Time Loopers: Four Tales from a Time War
Matthew Davenport; David Hambling; Byron Craft; John A. DeLaughter
I’m always on the look-out for something different and original to review in the Science-Fiction genre, especially as I’m in the mood to read something lighter than the Horror genre these days, so I was delighted to be contacted by author Matthew Davenport to see if I wanted to review the latest collection he had a story in. I’m a huge fan of Davenport and his writing, especially his delightfully and unashamedly pulpy Professor Doran series, which blends together the titular rough and ready archaeologist with a host of Lovecraftian monsters and deities, so I was interested to see what he had penned this time. That interest only grew when I saw who his co-authors were for the collection – not only was there Byron Craft, author of the excellent Arkham Detective series, but also the stellar David Hambling whose Lovecraftian fiction is a particular favourite of mine. Joining these veterans was author John A. De Laughter, and while I hadn’t come across him previously, I knew his writing would have had to have been impressive to join the other authors in contributing to the collection. An impressive array of contributors was matched by an eye-catching piece of cover art from publisher Crossroads Press, and an engaging back-cover blurb that promised four stories set within the same cosmos-spanning Time War setting.
I do appreciate it when collections open with an introduction that explains the background to the setting, as it helps to ground the reader and give an idea of what is going to be encountered within the contained stories. David Hambling does an excellent job here, not only introducing the collection as a whole, but also providing a concise and examination of the Time-Looping trope alongside some examples from recent film, TV and published fiction to further ground the concept in the reader’s mind. He ends with an ominous warning about the potential dangers of looping endlessly through time, which seamlessly leads into his contribution to the collection, Time’s Revenge. Hambling gives us the intriguing scenario of a man trapped in a time loop while he plans the many steps required to achieve the perfect murder, yet also suffering from the effects of constantly experiencing the same day over and over again. Names, dates, even specific memories are all washed away by the repetition of time, and only the clever idea of memorizing mnemonic phrases allows protagonist Craig to remember the key details he requires to further his murderous plans. Websites, phone numbers, combination codes become his only companions, leaving behind the memories of his old life before the loop, and his sanity slowly crumbles as he loses track of the number of cycles he’s gone through.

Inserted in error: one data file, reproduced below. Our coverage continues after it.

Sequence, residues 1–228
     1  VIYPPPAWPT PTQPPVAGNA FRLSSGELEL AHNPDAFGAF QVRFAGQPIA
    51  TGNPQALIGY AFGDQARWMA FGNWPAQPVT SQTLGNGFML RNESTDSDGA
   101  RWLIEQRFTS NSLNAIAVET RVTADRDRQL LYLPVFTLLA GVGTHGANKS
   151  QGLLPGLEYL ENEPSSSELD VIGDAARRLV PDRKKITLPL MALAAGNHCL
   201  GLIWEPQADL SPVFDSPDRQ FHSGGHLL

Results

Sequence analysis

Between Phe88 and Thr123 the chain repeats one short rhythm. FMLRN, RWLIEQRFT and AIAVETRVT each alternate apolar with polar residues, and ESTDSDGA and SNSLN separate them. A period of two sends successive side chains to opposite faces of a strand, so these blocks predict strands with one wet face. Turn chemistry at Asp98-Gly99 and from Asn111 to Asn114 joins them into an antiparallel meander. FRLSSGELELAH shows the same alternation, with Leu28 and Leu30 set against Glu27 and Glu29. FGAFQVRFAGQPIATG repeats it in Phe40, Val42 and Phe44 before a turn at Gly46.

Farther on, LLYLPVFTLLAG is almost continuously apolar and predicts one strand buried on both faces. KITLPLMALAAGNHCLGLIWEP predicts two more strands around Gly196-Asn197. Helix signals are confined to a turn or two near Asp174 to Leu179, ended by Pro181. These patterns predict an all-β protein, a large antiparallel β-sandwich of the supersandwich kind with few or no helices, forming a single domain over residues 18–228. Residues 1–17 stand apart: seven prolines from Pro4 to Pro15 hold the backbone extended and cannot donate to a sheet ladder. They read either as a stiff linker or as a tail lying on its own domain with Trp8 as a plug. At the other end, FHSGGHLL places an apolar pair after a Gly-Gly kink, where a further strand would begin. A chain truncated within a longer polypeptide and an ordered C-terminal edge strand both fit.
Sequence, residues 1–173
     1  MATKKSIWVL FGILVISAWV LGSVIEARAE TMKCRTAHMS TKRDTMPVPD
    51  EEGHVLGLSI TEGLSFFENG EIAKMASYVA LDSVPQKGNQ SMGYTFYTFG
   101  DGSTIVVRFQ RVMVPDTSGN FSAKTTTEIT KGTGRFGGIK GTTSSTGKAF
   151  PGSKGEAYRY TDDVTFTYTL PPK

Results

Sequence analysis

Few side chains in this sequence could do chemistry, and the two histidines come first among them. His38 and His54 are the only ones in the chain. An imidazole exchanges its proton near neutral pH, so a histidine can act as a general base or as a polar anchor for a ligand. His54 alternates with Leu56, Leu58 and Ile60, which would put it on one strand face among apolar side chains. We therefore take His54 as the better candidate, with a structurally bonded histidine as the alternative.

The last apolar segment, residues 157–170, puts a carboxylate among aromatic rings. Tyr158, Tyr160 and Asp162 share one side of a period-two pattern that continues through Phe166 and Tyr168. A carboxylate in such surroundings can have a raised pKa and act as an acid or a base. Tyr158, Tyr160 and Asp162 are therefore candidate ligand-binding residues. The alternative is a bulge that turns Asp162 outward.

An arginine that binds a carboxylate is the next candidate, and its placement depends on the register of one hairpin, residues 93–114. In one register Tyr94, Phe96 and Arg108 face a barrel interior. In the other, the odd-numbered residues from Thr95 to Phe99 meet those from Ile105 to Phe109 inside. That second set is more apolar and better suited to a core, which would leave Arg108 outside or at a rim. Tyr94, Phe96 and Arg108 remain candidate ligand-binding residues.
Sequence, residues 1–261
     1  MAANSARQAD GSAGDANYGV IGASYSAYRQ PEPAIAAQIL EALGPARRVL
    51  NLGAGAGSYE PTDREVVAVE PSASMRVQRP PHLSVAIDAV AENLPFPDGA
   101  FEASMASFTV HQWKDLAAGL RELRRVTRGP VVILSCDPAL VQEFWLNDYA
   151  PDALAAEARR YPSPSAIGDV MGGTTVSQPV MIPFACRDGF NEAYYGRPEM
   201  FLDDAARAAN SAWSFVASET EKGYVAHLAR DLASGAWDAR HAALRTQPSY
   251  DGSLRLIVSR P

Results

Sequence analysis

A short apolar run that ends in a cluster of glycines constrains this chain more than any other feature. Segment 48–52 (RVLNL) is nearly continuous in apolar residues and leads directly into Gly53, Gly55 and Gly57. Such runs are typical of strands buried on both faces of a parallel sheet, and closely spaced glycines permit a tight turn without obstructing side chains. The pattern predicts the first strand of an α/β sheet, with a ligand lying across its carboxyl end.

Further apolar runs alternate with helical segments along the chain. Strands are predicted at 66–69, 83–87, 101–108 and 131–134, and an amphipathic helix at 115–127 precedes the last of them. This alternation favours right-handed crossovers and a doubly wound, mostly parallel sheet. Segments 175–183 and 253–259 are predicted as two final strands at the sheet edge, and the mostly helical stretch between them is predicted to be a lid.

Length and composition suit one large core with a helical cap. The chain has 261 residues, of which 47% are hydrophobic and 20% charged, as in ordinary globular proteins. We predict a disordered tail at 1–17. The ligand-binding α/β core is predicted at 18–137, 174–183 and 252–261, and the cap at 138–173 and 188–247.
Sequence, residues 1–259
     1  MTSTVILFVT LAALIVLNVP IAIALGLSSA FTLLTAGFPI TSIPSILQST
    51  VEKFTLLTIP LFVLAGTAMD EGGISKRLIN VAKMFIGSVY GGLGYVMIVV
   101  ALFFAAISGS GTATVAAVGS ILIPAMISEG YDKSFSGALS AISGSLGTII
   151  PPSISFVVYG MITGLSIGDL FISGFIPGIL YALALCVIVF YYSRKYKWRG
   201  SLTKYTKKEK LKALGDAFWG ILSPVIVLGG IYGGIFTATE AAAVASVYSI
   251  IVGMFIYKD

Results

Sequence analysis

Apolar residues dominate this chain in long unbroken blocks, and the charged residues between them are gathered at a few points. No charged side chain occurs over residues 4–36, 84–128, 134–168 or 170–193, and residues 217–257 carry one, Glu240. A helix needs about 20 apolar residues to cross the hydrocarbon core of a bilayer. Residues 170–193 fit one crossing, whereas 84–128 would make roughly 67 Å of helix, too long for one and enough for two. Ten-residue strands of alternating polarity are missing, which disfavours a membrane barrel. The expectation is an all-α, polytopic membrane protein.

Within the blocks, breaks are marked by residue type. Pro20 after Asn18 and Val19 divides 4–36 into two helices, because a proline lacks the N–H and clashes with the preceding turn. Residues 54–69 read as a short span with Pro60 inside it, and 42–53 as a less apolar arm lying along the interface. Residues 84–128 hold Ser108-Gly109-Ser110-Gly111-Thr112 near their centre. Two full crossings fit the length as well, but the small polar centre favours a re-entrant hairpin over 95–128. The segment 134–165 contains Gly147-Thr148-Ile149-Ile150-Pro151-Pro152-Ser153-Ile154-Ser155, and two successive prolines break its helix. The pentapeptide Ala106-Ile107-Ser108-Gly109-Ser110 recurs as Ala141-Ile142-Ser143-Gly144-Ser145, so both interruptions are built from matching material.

We follow Craig as he makes use of his endless cycles in memorizing small yet consequential details, which in turn allow him to do things like seamlessly steal high-powered guns from an arms dealer in central London, while in turn learning the exact moves required to avoid or incapacitate armed thugs who seem to know what he’s trying to do in the loops. Hambling gives us some brilliant insights into Craig’s strange, timeless world, where he can kill the same person dozens – if not hundreds – of times in order to practices removing them from the equation, yet also cherish the same, line-for-line phone conversation with his girlfriend despite knowing exactly what she will say, when, and the precise inflection. A mesmerising and labyrinthine time-travel mystery is expertly spooled out by Hambling, in a manner that inexorably pulls us along with Craig, and yet the more details the author reveals, the stranger and more unsettling the situation becomes. Who is Craig trying to murder, and why are these armed gangsters getting in his way? And why are certain, crucial memories inaccessible to him – why was it so important once to learn to speak Arabic, for example? Hambling has not only written a first-rate time-travel mystery, but has also deftly built in some fascinating ethical and moral conundrums as well for the reader to consider. It’s heady, complex stuff that could easily have become overwhelming, yet Hambling pulls it all together with remarkable ease and charm. Time’s Revenge concludes with a series of twists that unfurl with whiplash speed, one after another, introducing a wider universe that becomes the basis for the rest of the stories in the collection.